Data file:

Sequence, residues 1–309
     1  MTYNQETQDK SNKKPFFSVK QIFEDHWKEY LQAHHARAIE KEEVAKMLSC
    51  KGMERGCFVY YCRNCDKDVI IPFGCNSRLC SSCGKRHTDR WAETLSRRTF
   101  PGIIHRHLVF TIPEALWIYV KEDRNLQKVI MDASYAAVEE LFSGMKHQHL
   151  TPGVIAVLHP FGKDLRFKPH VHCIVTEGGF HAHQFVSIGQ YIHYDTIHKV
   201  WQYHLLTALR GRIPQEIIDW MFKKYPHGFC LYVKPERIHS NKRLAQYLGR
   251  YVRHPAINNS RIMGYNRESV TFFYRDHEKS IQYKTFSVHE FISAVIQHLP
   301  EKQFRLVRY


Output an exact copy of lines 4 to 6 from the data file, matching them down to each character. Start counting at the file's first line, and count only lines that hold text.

   101  PGIIHRHLVF TIPEALWIYV KEDRNLQKVI MDASYAAVEE LFSGMKHQHL
   151  TPGVIAVLHP FGKDLRFKPH VHCIVTEGGF HAHQFVSIGQ YIHYDTIHKV
   201  WQYHLLTALR GRIPQEIIDW MFKKYPHGFC LYVKPERIHS NKRLAQYLGR